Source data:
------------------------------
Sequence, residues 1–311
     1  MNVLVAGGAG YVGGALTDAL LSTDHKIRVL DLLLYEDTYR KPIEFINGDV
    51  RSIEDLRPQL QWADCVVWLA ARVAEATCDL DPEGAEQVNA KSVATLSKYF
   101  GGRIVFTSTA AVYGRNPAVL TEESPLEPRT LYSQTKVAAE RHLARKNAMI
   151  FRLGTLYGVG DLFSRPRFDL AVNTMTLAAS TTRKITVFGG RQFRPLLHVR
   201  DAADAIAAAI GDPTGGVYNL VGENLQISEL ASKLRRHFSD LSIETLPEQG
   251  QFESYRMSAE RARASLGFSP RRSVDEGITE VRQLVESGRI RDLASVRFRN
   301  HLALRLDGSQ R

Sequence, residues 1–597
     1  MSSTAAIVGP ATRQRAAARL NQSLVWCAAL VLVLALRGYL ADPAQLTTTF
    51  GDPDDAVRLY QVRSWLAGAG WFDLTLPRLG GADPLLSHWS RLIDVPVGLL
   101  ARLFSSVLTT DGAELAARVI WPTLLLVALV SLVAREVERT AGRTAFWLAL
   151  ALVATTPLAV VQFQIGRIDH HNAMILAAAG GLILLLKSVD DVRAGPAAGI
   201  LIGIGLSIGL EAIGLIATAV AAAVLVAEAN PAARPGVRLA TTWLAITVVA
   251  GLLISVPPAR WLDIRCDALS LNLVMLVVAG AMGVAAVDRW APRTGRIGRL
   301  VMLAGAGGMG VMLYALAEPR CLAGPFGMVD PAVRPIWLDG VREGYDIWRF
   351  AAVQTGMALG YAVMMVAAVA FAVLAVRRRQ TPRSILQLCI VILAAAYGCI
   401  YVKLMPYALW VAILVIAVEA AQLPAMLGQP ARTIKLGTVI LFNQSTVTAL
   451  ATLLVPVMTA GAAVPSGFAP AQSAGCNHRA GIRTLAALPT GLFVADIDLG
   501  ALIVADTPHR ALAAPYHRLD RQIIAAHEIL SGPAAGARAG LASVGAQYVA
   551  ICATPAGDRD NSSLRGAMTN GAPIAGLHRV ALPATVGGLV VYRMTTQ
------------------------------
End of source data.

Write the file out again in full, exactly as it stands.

Sequence, residues 1–311
     1  MNVLVAGGAG YVGGALTDAL LSTDHKIRVL DLLLYEDTYR KPIEFINGDV
    51  RSIEDLRPQL QWADCVVWLA ARVAEATCDL DPEGAEQVNA KSVATLSKYF
   101  GGRIVFTSTA AVYGRNPAVL TEESPLEPRT LYSQTKVAAE RHLARKNAMI
   151  FRLGTLYGVG DLFSRPRFDL AVNTMTLAAS TTRKITVFGG RQFRPLLHVR
   201  DAADAIAAAI GDPTGGVYNL VGENLQISEL ASKLRRHFSD LSIETLPEQG
   251  QFESYRMSAE RARASLGFSP RRSVDEGITE VRQLVESGRI RDLASVRFRN
   301  HLALRLDGSQ R

Sequence, residues 1–597
     1  MSSTAAIVGP ATRQRAAARL NQSLVWCAAL VLVLALRGYL ADPAQLTTTF
    51  GDPDDAVRLY QVRSWLAGAG WFDLTLPRLG GADPLLSHWS RLIDVPVGLL
   101  ARLFSSVLTT DGAELAARVI WPTLLLVALV SLVAREVERT AGRTAFWLAL
   151  ALVATTPLAV VQFQIGRIDH HNAMILAAAG GLILLLKSVD DVRAGPAAGI
   201  LIGIGLSIGL EAIGLIATAV AAAVLVAEAN PAARPGVRLA TTWLAITVVA
   251  GLLISVPPAR WLDIRCDALS LNLVMLVVAG AMGVAAVDRW APRTGRIGRL
   301  VMLAGAGGMG VMLYALAEPR CLAGPFGMVD PAVRPIWLDG VREGYDIWRF
   351  AAVQTGMALG YAVMMVAAVA FAVLAVRRRQ TPRSILQLCI VILAAAYGCI
   401  YVKLMPYALW VAILVIAVEA AQLPAMLGQP ARTIKLGTVI LFNQSTVTAL
   451  ATLLVPVMTA GAAVPSGFAP AQSAGCNHRA GIRTLAALPT GLFVADIDLG
   501  ALIVADTPHR ALAAPYHRLD RQIIAAHEIL SGPAAGARAG LASVGAQYVA
   551  ICATPAGDRD NSSLRGAMTN GAPIAGLHRV ALPATVGGLV VYRMTTQ